> started this conversation, so I'm appreciating the discourse.
> 
> -j
> 
> 
> On Fri, Jun 23, 2017, at 04:38 PM, Christopher Allen wrote:
>> I note that NIST has just released a major new version of their
>> digital identity guidelines https://pages.nist.gov/800-63-3/ 
>>
>> In the first document, https://doi.org/10.6028/NIST.SP.800-63-3 on
>> page 15 describes their process (with illustration on 16)
>>
>>     "In these guidelines, the party to be authenticated is called a
>>     claimant and the party verifying that identity is called a
>>     verifier. When a claimant successfully demonstrates possession and
>>     control of one or more authenticators to a verifier through an
>>     authentication protocol, the verifier can verify that the claimant
>>     is a valid subscriber. The verifier passes on an assertion about
>>     the subscriber, who may be either pseudonymous or
>>     non-pseudonymous, to the RP. That assertion includes an
>>     identifier, and may include identity information about the
>>     subscriber, such as the name, or other attributes that were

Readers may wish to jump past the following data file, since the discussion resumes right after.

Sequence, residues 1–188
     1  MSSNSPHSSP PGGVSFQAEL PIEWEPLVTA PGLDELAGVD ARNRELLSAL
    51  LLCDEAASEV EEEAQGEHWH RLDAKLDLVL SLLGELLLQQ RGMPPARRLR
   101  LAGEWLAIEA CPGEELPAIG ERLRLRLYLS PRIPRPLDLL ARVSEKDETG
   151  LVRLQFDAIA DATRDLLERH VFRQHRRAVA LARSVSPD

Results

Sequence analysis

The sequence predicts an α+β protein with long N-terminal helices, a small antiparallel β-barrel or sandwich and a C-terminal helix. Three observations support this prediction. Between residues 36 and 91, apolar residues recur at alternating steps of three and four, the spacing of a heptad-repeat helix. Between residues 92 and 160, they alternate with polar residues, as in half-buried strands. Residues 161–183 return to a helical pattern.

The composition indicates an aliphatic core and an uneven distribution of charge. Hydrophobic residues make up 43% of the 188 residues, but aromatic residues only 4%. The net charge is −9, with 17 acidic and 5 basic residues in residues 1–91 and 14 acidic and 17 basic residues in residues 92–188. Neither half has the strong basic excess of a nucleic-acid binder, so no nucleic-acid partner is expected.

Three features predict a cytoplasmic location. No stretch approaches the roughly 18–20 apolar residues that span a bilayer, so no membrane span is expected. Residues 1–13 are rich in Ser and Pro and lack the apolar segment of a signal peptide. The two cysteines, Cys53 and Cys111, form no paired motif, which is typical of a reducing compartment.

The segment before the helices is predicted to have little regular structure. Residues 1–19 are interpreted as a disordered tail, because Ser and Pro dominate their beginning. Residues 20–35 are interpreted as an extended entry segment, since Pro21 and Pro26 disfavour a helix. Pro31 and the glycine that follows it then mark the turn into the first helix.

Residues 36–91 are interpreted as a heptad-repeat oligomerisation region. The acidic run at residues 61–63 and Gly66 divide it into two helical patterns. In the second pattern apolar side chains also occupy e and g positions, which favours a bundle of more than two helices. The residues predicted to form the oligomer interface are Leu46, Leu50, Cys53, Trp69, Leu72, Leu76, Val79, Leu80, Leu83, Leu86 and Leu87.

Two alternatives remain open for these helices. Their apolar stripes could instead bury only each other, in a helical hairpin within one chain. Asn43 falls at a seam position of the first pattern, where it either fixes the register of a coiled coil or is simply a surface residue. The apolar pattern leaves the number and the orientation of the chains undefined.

>>     collected in the enrollment process (subject to the CSP’s
>>     policies, the RP’s
>>     needs, and consent for disclosure of attributes given by the
>>     subject). Where the verifier is also the RP, the assertion may be
>>     implicit. The RP can use the authenticated information provided by
>>     the verifier to make authorization decisions.
>>
>>     Authentication establishes confidence that the claimant has
>>     possession of an authenticator(s) bound to the credential, and in
>>     some cases in the attribute values of the subscriber (e.g., if the
>>     subscriber is a U.S. citizen, is a student at a particular
>>     university, or is assigned a particular number or code by an
>>     agency or organization). Authentication does not determine the
>>     claimant’s authorizations or access privileges; this is a separate
>>     decision, and is out of these guidelines’ scope. RPs can use a